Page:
We Are Not Afraid outlines the wisdom of a people who always lived in perilous times, and recommends their way of life as a model for living without fear. The people who developed this wisdom were the men and women who built the town of Coalwood, West Virginia, the location of Homer Hickam’s “Coalwood Trilogy,” (October Sky, The Coalwood Way, and Sky of Stone). At the center of the town, and the only employer, was a deep and dangerous coal mine. In order to live happily while still being engaged in the treacherous enterprise of mining coal, the people of Coalwood devised a set of “attitudes” that allowed them to avoid the habits of long-term fear and dread. Homer discusses each attitude and uses stories to illustrate how the people of Coalwood lived and taught their way of life that ultimately assumed: We are not afraid.
- We are proud of who we are
- We stand up for what we believe
- We keep our families together
- We trust in God but rely on ourselves
From Publishers Weekly
Hickam’s latest book is a little different from the other feel-good stories that emerged nationwide after the September 11 attacks. What sets his stories apart is where they all take place: the mining town of Coalwood, WV, the setting for his best-selling memoirs Sky of Stone, The Coalwood Way and October Sky. In this inspirational guide to overcoming fear, Hickam shares anecdotes from his life, mainly having to do with the values he learned in the small, humble town of Coalwood. Each chapter explains one of the “Coalwood Attitudes” (“we are proud of who we are”; “we stand up for what we believe”; “we keep our families together”; and “we trust in God but rely on ourselves”); Hickam then finishes by delivering the kicker (or “The Coalwood Assumption,” as he calls it): “we are not afraid.” Although it would be easy to dismiss his yarns and advice as hokey or cutesy, Hickam’s retelling of a wholesome upbringing in Coalwood is quite touching and heartening, providing assistance for the uncertainty many Americans have dealt with recently and will continue to face in the months ahead. “In today’s world, fear seems to be everywhere,” he writes. “If you want to stop being afraid… this book can help by teaching you a philosophy of life that will fill your heart and soul with a sense of well-being and confidence.” Reading about how Hickam handled bullies in the fifth grade or how he didn’t let fear overcome him while fighting in Vietnam may not change what happened last September, but it will give readers the gumption to persevere when the going gets rough. (Feb.)Forecast: It’s obvious HCI is not afraid of betting on this book: they’re planning a $100,000 ad campaign, a 20-city TV and radio satellite tour and appearances on morning news and daytime talk shows. The 400,000-copy first printing ensures they’ll be ready for the run.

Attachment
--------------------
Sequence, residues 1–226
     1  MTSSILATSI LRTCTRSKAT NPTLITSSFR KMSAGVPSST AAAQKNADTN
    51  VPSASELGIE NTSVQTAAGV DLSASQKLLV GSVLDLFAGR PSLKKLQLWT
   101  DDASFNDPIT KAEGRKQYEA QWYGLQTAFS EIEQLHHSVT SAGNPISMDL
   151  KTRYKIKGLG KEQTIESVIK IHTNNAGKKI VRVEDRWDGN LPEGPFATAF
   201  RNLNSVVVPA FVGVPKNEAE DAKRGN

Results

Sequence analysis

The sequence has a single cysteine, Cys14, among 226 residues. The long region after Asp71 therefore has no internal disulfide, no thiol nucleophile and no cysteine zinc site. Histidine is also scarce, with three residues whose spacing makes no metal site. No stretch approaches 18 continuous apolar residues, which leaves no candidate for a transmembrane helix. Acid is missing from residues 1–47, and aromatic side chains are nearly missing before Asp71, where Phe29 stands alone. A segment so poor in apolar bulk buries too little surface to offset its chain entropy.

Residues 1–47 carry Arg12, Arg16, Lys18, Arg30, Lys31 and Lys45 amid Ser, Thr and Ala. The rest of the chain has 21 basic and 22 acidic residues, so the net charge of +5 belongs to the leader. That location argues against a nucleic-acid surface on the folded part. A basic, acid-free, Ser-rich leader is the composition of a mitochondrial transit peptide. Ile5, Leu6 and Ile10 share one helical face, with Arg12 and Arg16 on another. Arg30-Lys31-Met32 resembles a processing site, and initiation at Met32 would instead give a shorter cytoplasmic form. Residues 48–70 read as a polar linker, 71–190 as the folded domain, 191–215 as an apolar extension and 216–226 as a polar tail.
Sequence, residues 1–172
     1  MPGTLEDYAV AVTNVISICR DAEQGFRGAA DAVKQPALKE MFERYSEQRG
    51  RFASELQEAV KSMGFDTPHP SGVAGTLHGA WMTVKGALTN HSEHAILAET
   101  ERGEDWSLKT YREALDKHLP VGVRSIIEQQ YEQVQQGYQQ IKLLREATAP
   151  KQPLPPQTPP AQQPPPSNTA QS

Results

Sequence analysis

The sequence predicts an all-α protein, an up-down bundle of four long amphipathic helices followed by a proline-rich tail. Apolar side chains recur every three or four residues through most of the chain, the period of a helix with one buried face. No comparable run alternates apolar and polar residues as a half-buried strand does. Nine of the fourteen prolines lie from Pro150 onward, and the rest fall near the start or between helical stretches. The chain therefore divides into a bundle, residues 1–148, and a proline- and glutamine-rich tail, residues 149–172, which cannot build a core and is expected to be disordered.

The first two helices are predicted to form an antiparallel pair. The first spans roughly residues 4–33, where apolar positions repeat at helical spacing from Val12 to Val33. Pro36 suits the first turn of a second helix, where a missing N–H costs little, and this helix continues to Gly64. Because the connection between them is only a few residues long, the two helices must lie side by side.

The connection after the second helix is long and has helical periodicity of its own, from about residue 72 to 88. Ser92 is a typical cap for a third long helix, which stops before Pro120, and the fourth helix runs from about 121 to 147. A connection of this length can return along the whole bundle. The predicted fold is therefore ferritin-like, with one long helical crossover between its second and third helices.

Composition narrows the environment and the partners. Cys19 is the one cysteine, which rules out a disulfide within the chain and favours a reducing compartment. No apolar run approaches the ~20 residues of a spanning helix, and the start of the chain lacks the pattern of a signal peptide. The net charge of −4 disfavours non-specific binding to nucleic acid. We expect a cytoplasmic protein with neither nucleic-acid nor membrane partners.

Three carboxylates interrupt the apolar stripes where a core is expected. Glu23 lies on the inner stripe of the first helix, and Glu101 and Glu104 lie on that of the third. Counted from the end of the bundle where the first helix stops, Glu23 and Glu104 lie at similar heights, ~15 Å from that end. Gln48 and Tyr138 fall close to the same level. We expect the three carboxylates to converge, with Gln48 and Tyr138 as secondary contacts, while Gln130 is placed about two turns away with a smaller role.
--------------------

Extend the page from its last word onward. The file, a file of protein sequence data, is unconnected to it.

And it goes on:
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Amazon.com Reader Review rating: 5 stars out of five